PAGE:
Rev. Sean Downing, on campus with the Marianists, explains that his mission as a priest has been shifted heavily, as he prepares to see students gain at a safe distance saying, “As a priest and chaplain at Central Catholic the pandemic has been difficult. Priestly ministry is centered around being present to others. So, I have had to adapt like everyone in live streaming Masses. Also using Zoom to talk to people about their faith journeys has been a change in the way I work…The biggest challenge is I miss the energy of our Central Catholic students.”

Another staple that goes along with the beginning of the school year- the Button football season. While TAPPS did confirm football would be played this season with enforced guidelines to keep players, coaches, and spectators as safe as possible, Central Catholic is set to face San Antonio Christian on the 25th of this month. Given that, preparation has been going on for quite some time.

Mike Santiago, head coach for the Varsity Button Football squad, finds the adjustments in both school and on the field to be “a challenge,” and “exhausting.” “What we are working with is just playing the game on the field but when the players are off the field we are constantly making them stay 6′ apart. It is hard for them in that they have helmets and masks on and are trying to talk to each other…What I am finding is that we spend 75% of our time coaching football and 25% of our time coaching Covid protocols. It gets exhausting,” Santiago says.

All who were interviewed were asked what their hopes were for the remainder of this school year in particular:

Mendez said, “…a vaccine and to return to “normalcy”

McCarthy said, “…it all is going to even out…COVID is a big problem, yes, but life eventually moves on.”

Goljahmofrad said, “We have faith that we’re not just going to “get through this.” We are going to continue to cultivate an environment through events and interactions that have built, and will continue to build, the Brotherhood. We have faith that every single one of our students who invests into this year will get just as much, if not more, out of this than any other year. My personal hope is to see all of our students back on campus, every single day. We miss the banter. We miss the boys. We miss the Brotherhood. Central is a family, and we all want to be with our Family.”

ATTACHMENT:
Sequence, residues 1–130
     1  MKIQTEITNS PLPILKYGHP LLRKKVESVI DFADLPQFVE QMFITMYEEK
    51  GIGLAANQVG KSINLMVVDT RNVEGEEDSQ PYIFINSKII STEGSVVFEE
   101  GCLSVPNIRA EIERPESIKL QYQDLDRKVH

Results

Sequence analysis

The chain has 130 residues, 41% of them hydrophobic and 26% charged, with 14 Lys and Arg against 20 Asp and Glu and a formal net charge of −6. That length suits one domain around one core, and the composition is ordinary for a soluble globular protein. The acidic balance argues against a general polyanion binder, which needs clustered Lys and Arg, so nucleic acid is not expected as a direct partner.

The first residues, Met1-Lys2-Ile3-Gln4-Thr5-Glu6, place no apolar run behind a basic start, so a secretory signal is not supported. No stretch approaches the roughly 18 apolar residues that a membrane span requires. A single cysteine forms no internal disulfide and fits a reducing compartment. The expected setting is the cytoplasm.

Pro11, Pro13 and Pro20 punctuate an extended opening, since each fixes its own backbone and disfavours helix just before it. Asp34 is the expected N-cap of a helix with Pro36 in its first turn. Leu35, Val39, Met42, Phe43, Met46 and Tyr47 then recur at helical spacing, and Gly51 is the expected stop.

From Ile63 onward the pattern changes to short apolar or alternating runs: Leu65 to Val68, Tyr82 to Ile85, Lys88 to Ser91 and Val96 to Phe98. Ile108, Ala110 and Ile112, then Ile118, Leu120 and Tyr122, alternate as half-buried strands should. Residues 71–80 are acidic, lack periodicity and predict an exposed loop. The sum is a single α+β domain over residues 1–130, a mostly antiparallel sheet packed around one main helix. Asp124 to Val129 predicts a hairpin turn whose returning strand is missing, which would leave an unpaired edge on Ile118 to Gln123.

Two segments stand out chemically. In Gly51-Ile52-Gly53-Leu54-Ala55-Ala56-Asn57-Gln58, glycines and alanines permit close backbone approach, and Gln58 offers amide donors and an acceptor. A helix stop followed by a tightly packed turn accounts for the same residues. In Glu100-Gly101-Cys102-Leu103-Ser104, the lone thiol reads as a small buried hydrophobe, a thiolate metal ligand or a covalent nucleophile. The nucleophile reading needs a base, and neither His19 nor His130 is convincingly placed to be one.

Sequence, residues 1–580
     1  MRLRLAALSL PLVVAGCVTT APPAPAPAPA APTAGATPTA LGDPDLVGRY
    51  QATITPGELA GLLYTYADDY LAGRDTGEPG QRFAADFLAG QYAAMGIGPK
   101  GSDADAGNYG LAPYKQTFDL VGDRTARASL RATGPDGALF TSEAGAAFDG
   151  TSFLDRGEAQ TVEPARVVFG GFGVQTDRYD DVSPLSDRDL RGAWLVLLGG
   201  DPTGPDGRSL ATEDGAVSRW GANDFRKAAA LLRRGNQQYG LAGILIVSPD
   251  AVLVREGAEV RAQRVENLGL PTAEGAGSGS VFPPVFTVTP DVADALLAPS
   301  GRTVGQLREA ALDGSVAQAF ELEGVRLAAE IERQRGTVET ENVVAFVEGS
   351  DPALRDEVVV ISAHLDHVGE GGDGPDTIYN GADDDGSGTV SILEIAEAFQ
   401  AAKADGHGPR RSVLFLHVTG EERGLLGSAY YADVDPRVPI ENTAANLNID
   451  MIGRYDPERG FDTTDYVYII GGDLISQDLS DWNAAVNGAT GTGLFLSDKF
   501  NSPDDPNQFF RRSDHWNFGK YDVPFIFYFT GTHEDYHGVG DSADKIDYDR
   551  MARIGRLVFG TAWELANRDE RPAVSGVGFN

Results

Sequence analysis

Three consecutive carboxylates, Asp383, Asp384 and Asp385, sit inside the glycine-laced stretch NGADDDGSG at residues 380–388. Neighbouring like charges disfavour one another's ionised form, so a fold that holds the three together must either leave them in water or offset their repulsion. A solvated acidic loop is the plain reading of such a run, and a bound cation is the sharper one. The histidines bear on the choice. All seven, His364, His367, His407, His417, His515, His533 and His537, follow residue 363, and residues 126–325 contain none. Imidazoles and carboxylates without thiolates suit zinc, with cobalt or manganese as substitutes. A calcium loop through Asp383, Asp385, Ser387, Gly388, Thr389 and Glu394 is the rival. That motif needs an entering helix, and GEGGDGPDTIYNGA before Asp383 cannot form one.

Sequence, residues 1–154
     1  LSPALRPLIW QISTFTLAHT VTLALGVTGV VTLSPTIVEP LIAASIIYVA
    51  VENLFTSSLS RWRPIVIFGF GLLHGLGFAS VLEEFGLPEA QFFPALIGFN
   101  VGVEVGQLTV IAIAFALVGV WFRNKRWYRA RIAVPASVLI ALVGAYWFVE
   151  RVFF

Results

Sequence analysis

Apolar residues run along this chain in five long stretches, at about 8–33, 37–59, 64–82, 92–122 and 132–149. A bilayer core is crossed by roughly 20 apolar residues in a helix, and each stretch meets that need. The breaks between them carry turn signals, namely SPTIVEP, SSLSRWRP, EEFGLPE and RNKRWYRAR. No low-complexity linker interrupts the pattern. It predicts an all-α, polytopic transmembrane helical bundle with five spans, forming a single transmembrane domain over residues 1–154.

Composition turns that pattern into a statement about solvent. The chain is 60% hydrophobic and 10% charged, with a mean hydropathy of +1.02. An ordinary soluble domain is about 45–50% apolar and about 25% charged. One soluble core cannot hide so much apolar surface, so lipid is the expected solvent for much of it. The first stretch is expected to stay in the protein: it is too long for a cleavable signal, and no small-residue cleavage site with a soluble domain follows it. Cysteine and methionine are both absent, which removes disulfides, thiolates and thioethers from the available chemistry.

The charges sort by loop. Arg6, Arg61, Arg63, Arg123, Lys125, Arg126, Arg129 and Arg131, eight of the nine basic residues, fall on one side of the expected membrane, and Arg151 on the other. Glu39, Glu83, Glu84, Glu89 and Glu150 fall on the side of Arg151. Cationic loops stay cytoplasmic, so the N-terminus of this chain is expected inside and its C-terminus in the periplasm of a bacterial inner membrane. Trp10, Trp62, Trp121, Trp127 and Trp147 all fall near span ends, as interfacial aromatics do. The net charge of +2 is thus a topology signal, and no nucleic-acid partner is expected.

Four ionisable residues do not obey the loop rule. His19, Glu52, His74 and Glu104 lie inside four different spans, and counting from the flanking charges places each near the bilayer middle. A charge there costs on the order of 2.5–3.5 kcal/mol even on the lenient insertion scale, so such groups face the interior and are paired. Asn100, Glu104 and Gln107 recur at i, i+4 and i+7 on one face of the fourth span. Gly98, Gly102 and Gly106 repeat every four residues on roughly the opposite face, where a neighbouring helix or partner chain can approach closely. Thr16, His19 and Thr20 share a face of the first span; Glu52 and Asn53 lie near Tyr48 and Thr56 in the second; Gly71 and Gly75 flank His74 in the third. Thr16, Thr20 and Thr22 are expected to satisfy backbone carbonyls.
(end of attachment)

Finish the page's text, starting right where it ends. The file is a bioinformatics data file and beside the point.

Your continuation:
Downing said, “The hopes and prayers that I have are: The medical world finalizes a vaccine and this pandemic ends, that as a nation the United States becomes kinder and more compassionate, I pray and hope that the CCHS community grows in the love of Christ. And like Mary, Jesus’ mother, we are moved to help the poor and vulnerable of our society, and I pray and hope that we are aware of the social injustice in San Antonio. That our students pray, think, and then serve others to create a just world.”

Santiago said, “My goal and hopes for this year is that we can have these players complete a season so they can have a somewhat normal year participating in the sport they love. We just try to win each day.”

As one could tell, teachers and staff members of all sorts have mixed emotions about this year. As the hybrid schedule began this week, precautions galore were taken to make sure each student is learning in a safe environment. Central hopes to welcome all students back to campus starting next month.

Mr. Cassler
Mr. Cassler
Mr. Cassler


Mr. Cassler
Mr. Cassler